The COVID-19 pandemic is having the most profound impacts on those already experiencing poverty and marginalization, in Canada and around the world. As the virus spreads, the world’s poorest countries – including those already experiencing high levels of conflict – will be hit hardest. In every country, the pandemic will exacerbate existing gender inequalities.
Catastrophic health outbreaks have profound differential impacts due to the gendered social determinants of health. As the health crisis ripples out into the economy, families and social institutions, these gender dimensions multiply. Unless human rights and gender justice are prioritized from the onset in actions to combat COVID-19, gender inequalities around the world will be exacerbated, and hard-won gains will be rolled back. We cannot let that happen. Too much is at stake.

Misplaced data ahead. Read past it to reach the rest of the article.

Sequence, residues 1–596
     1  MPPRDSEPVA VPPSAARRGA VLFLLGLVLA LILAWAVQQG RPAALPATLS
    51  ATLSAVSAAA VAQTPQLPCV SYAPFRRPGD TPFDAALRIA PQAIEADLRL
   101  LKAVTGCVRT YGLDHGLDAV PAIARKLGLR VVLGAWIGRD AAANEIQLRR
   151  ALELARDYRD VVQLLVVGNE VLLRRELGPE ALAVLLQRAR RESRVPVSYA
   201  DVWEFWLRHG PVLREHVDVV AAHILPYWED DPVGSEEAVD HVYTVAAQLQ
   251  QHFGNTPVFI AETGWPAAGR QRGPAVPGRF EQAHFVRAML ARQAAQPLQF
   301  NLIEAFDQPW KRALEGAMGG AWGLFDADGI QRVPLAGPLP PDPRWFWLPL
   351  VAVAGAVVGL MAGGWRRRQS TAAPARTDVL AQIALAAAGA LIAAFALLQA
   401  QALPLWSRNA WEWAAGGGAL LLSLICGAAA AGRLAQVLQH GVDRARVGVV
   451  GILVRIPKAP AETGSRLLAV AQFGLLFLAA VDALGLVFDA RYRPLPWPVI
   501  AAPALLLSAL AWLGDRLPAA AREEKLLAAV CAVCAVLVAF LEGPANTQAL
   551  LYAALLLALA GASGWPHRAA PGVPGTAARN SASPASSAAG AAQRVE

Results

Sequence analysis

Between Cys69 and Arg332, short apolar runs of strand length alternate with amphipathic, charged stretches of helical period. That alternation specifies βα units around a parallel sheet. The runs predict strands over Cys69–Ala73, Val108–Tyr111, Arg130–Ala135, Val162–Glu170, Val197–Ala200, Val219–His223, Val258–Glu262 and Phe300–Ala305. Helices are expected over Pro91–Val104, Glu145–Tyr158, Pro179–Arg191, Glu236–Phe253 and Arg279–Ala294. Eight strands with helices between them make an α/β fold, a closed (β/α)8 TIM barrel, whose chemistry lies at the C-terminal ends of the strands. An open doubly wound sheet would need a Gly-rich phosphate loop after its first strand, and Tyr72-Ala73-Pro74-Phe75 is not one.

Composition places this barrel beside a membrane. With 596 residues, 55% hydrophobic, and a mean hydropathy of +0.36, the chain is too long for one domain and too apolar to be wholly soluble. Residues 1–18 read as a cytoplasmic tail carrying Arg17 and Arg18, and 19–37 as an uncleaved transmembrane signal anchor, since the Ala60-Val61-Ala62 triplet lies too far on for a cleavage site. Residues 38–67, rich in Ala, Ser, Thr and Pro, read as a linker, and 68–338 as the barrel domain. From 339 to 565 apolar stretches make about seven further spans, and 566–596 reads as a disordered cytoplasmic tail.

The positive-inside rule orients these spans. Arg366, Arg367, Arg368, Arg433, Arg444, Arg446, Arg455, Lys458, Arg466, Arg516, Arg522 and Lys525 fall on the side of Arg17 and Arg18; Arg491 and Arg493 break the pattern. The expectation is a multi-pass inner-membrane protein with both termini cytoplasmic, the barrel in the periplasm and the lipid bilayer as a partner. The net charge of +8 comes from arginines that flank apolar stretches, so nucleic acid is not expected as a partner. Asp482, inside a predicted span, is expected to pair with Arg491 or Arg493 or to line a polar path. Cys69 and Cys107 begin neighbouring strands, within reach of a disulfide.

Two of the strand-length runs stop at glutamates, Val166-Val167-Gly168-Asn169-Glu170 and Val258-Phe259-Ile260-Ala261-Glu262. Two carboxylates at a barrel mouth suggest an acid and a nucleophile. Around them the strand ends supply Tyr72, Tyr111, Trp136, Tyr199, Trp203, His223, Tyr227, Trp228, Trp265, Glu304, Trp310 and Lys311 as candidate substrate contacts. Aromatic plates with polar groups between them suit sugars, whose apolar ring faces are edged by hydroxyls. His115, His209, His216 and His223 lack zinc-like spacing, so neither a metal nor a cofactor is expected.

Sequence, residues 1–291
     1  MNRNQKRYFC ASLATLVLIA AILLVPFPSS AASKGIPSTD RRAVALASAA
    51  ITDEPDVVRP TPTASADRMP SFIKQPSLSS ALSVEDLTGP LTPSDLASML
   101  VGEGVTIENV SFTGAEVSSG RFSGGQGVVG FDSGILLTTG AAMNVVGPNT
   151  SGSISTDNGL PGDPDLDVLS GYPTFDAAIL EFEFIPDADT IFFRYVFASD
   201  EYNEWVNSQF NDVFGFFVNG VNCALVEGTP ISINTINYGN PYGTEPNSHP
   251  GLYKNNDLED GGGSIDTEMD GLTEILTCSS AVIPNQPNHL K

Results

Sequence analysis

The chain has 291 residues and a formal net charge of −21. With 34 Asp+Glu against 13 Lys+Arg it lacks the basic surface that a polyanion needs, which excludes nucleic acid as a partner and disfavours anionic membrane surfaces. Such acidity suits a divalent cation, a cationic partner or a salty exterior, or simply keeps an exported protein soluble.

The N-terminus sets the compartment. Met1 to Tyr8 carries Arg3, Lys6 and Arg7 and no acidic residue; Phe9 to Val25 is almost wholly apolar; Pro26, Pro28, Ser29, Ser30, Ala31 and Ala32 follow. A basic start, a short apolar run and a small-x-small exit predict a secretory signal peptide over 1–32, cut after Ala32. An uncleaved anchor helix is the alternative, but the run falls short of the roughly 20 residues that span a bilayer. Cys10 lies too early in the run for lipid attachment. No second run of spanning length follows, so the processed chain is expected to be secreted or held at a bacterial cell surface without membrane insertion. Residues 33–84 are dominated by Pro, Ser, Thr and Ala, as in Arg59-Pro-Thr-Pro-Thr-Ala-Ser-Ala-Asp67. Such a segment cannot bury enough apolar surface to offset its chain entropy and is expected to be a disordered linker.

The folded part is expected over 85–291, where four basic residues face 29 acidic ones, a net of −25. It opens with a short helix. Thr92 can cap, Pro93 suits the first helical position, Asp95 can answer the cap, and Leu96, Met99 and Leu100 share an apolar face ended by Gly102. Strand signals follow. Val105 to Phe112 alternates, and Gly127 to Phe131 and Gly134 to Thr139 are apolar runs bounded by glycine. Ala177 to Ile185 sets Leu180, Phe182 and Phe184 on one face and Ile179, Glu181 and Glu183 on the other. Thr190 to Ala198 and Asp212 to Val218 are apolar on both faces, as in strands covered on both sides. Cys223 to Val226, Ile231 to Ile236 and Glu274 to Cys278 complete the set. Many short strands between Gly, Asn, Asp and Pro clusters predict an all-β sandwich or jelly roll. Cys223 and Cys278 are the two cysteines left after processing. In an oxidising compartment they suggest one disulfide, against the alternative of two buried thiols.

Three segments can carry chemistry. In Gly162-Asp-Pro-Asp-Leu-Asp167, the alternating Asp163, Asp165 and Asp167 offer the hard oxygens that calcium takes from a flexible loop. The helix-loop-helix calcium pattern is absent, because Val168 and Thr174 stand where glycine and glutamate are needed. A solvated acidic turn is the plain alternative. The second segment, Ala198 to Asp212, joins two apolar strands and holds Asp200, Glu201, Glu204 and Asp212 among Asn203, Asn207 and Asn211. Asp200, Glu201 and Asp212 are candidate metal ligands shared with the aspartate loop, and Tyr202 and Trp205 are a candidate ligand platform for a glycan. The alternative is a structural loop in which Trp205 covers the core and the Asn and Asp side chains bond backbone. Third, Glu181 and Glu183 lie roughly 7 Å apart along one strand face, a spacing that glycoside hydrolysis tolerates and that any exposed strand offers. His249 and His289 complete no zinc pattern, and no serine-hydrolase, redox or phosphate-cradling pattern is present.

2020 was envisioned as a year to celebrate and make significant new progress on gender equality. Plans were underway to accelerate global efforts to implement the Beijing Declaration and Platform for Action and the Women, Peace and Security Agenda. COVID-19 has only underscored the urgency to resume these initiatives. UN Secretary-General António Guterres has warned COVID-19 is deepening existing inequalities – it is having “devastating social and economic consequences for women and girls” that could reverse the limited progress towards gender equality achieved over the past 25 years.
Gender inequality holds back progress on governance, human rights, peace, economic performance, food security, health, well-being, environmental protection, and social progress. The security and stability of our countries is linked to the status of women, transgender, and non-binary people. This is why women’s rights and gender justice must be at the heart of the global response to COVID-19.